The Theories of Motivation
Motivation is formally defined as forces within an individual that account for the level, direction, and persistence of effort. Within each of us, as human beings there are factors that influence the decisions we make about how we react to things we experience. We decide how to react based on our own personal analysis of how our needs or expectations were or were not met by that particular experience. Motivation is talked about as being made up of three types of theories. They are the reinforcement, content, and process theories.
Reinforcement theories emphasize the linkage between individual behavior and some specific outcomes to show how managers can alter the direction, level, or persistence of individual actions. These theories concentrate more on the motivational techniques of managers to control their subordinates' motivation in the work environment.
Content theories deal directly with what motivates individuals to perform more effectively within their organizations.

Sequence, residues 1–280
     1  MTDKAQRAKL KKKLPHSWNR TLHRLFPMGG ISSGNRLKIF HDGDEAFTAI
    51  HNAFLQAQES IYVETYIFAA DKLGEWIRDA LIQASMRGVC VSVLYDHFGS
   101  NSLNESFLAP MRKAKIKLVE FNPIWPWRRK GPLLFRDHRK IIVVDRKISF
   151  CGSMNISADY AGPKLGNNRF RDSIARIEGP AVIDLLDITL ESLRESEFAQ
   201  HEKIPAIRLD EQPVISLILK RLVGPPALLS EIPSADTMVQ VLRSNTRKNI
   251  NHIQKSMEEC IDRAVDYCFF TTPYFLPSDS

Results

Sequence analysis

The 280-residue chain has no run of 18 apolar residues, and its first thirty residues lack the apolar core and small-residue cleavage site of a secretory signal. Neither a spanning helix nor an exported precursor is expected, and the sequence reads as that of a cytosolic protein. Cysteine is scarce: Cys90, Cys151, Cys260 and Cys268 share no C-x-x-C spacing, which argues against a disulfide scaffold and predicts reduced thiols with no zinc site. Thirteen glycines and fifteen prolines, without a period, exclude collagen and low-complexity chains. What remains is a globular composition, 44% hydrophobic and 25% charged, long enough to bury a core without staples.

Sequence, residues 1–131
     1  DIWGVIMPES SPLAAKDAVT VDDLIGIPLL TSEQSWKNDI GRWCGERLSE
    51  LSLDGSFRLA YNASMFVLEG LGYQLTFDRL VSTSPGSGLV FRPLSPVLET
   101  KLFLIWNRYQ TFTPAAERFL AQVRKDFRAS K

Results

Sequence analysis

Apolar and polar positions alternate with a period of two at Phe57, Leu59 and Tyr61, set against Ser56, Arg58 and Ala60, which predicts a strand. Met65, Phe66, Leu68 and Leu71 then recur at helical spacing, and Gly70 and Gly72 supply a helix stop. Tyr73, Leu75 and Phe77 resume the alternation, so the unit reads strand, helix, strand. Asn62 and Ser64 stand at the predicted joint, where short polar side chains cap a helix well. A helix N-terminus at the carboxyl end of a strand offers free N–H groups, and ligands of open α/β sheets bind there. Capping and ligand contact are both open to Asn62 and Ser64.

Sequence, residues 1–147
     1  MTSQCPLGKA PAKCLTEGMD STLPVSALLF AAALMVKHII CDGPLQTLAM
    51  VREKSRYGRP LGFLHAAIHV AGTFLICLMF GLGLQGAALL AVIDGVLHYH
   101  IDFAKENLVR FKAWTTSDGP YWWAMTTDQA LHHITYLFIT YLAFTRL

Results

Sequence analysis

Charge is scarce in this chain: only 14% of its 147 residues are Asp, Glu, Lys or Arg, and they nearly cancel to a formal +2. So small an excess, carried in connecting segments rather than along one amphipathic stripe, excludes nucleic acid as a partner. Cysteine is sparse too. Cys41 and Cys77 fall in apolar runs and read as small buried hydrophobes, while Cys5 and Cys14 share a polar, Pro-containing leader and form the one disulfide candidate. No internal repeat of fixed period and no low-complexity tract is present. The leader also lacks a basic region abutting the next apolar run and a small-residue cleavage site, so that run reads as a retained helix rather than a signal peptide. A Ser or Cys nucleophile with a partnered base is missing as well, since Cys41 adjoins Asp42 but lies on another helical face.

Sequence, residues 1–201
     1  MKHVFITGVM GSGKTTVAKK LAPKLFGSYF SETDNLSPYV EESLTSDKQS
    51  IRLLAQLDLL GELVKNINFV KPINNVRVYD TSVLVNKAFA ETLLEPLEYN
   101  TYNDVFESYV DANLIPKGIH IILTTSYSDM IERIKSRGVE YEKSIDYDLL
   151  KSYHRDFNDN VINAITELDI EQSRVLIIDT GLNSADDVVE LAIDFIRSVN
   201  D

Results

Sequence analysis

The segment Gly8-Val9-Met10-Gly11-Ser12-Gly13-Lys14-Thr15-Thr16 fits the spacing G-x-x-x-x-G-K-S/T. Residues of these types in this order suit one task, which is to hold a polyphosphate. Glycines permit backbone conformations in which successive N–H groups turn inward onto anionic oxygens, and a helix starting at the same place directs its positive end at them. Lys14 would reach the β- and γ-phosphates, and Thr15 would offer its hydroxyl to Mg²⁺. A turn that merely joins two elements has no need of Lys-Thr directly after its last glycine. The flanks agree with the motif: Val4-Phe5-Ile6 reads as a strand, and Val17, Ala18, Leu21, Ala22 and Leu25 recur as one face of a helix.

It deals with the idea of what the needs are for the employees within their work environment that will motivate them to perform more effectively and efficiently. Content theories focus primarily on the individual needs-the physiological or psychological deficiencies that we feel a compulsion to reduce or eliminate. Process theories focus on the thought or cognitive processes that take place within the minds of people and that influence their behaviors. These are the kind of theories that deal with the motivation within the individual minds of the employees. Their motivation within themselves directly affects their performance in the personal lives as well as their professional lives.
In our textbook, Organizational Behavior, there were four content theories that they talked about. A man named Abraham Maslow founded the first theory. His theory was that there was a pyramid of needs within every person. There were the top...